Take away the loonies, the ones shouting comparisons of President Obama to Hitler, the ones talking about “death panels” and all the other stuff. Imagine a reasoned discussion of the pros and cons of the health care reforms now before us.
The health care reforms now before us? Excuse me, but what are they? We have no final bill from the Senate, we have three different bills from the House that await passage, and we have nothing specific from the White House. Here we are, arguing about a 17% slice of the American economy, and we don’t know what we are talking about.
Oh sure, we are talking about a public option, but we don’t know who will be eligible to join, we don’t know whether such an agency will be permitted to charge lower rates than the private insurance companies, we don’t know whether it will be allowed to negotiate lower fees from the drug manufacturers. We talk about Medicare remaining intact, but at the same time we are talking about reducing its cost by some $300 billion, much of this by moving toward a results-based medicine, which would surely mean some adjustments in Medicare, quite possibly very major adjustments.
We want — presumably even the Republicans want — a system that costs less and delivers more. We are — or should be — embarrassed by our low ranking, compared to other industrialized nations on such elemental matters as life expectancy and infant mortality. When all the chest thumping’s done, ours is not, by any measure, the “best” health care system in the world; it is only the costliest. And there’s also that minor issue of nearly 50 million uninsured people and another 25 million underinsured.
I’m afraid we’re having the wrong debate, even without all the absurd charges and the outrageous behaviors that have characterized altogether too many of the town meetings. It’s the wrong debate because it’s trying simultaneously to increase coverage and to reduce costs, and if that has left the public confused, there is good reason for the confusion. It is not possible, within the current structure, to do both at the same time.
Or, more precisely, there is only one way in which both goals can be accomplished. It is the way that has been chosen by Canada, by Great Britain, by France, by Germany, by Spain — indeed, by every other industrialized nation. It is — dare I speak the words? — universal coverage with close government supervision of costs.
That option, endorsed by a significant number of members of Congress (and, presumably, supported privately by many more), has been off the table since the debate’s been joined. President Obama supported it — but only back when he was a state senator in Illinois. Here’s the full quote, from an Obama speech to the Illinois AFL-CIO on June 30, 2003: “I happen to be a proponent of a single payer universal health care program. I see no reason why the United States of America, the wealthiest country in the history of the world, spending 14% of its Gross National Product [now 17%] on health care cannot provide basic health insurance to everybody…. A single-payer health care plan, a universal health care plan. And that’s what I’d like to see. But as all of you know, we may not get there immediately. Because first we have to take back the White House, we have to take back the Senate, and we have to take back the House.”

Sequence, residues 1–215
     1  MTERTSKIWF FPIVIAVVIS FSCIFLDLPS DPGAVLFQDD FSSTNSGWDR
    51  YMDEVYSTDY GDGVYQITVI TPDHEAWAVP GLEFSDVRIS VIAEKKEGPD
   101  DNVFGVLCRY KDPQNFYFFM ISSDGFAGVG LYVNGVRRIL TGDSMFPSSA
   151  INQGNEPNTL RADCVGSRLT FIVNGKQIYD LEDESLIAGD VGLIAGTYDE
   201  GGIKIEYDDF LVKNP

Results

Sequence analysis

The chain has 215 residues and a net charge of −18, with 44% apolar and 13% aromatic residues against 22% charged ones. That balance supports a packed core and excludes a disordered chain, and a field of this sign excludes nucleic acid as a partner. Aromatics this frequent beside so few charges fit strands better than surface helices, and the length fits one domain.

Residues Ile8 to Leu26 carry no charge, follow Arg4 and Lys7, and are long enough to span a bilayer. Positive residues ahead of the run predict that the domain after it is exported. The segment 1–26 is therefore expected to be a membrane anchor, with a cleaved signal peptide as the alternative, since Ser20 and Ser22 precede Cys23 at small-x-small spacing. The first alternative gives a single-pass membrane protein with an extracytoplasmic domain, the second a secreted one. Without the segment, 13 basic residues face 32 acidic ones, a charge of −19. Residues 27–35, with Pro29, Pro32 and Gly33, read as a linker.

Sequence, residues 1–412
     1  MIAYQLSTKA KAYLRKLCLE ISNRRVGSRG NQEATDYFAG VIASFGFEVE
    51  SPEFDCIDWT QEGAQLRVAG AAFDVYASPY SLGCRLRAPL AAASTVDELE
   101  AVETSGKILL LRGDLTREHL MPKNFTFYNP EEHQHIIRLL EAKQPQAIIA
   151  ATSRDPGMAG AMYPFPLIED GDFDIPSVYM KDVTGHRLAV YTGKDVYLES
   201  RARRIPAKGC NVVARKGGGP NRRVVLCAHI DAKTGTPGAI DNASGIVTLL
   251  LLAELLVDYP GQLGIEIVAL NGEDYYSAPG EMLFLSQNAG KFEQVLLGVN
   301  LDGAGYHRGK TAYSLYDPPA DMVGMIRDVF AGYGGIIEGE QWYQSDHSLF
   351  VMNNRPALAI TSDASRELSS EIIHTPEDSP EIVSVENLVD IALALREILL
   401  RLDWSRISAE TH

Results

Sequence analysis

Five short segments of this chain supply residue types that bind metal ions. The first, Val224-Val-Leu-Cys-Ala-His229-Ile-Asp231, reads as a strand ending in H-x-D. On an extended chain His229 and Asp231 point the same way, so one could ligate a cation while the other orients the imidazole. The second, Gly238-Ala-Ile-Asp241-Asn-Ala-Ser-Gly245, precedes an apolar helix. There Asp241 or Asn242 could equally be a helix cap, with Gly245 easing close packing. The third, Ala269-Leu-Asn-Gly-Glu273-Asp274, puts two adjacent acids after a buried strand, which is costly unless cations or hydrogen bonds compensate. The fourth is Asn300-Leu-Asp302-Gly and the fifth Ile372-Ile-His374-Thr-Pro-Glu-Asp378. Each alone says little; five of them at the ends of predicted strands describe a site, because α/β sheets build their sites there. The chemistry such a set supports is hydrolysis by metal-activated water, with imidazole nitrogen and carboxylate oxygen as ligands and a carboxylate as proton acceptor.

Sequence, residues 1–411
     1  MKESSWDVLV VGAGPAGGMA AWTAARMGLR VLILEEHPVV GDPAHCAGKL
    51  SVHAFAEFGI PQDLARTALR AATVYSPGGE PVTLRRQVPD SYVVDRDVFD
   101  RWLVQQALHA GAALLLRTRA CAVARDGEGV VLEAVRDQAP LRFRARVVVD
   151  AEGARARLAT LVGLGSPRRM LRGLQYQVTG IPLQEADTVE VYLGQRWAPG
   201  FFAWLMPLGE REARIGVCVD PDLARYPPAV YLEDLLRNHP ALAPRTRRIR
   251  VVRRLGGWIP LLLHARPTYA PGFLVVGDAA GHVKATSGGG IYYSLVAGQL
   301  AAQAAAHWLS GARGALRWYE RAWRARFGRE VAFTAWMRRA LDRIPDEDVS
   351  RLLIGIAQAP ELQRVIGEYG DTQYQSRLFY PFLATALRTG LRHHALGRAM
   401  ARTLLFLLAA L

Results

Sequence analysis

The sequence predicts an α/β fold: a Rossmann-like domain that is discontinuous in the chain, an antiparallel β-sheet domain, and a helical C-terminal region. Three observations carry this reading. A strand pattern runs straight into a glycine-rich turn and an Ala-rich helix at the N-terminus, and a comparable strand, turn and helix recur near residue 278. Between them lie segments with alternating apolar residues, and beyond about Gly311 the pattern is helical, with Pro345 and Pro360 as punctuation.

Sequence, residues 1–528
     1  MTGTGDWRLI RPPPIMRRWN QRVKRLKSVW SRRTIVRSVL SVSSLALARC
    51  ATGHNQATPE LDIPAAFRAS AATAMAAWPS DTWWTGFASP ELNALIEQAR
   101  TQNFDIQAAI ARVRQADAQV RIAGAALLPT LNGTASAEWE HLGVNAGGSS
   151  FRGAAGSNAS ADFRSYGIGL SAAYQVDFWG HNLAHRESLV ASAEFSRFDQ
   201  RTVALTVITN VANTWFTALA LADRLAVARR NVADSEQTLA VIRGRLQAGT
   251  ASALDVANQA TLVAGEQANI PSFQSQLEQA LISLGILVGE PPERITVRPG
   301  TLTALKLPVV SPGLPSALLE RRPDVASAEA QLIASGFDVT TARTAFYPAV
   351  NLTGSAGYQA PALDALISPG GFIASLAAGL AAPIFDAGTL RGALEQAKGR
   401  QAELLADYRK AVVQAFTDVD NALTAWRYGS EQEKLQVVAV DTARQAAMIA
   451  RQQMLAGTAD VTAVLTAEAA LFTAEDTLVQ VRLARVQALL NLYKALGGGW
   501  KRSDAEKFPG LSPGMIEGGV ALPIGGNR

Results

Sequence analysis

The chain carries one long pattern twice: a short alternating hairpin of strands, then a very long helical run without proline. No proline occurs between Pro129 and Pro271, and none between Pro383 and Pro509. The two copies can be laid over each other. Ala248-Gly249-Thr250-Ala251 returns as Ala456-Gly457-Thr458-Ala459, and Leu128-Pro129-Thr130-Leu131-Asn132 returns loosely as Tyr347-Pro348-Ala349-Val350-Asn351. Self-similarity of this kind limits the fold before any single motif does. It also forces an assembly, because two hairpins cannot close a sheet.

Well, guess what? We have the White House; we have the Senate; we have the House. But we not only do not have single-payer, we are not even talking about single-payer. It’s possible that Obama suffers from a failure of nerve, or from a surfeit of bipartisan aspiration. It’s also possible that he and his people are better vote-counters than those of us who wish he’d given single-payer a real test.
Still, it would not be that complicated a test, since the truth is we already have single-payer for all Americans over the age of 65. It’s called Medicare, and it solves both coverage (everyone) and cost at the same time, running very substantially below the private insurance companies in administrative costs.
But the way to “sell” single payer is not to persuade people that it is fiscally sound and medically appropriate. The way to sell it is to insist that there is something fundamentally wrong when the system designed to provide health care is set up as a profit center. There are those who define a mix of public and private insurance systems as “the American way,” but the stark truth is that the insurance companies bring no added value to the health care system, none at all. (Unless you want to count their clerical contribution in processing claims.) What they contribute to the system is, alas, money for lobbyists and for legislative campaigns.
There are more modest potential fixes (savings) of other key components of the health care system — some improved efficiencies in hospitals (most are still nonprofits), drugs (where much better prices could be negotiated), professional compensation of some specialties, tinkering with the costs of malpractice premiums — but none promises nearly the saving that the elimination of private health insurance would provide. Between 2000 and 2007, the net profits of 10 of our largest health insurance companies increased by 428% (that includes WellPoint, up from $226 million to $3.345 billion — a 1,380% increase, and Aetna, up from $127 million to $1.831 billion, a 1,342% rise.) In 2007, the chief executive officers at these 10 companies collected a combined total compensation of $118.6 million — an average of $11.9 million each. That is 468(!) times more than the $25,434 an average American worker made that year. (We may assume that the CEOs all have health insurance; we know that many American workers of average income do not.)
Can government do the job? Look at Medicare, look at the V.A. hospital network. Government is already doing the job — or a significant chunk of it. By going for half a loaf instead, we may end up with a pile of crumbs.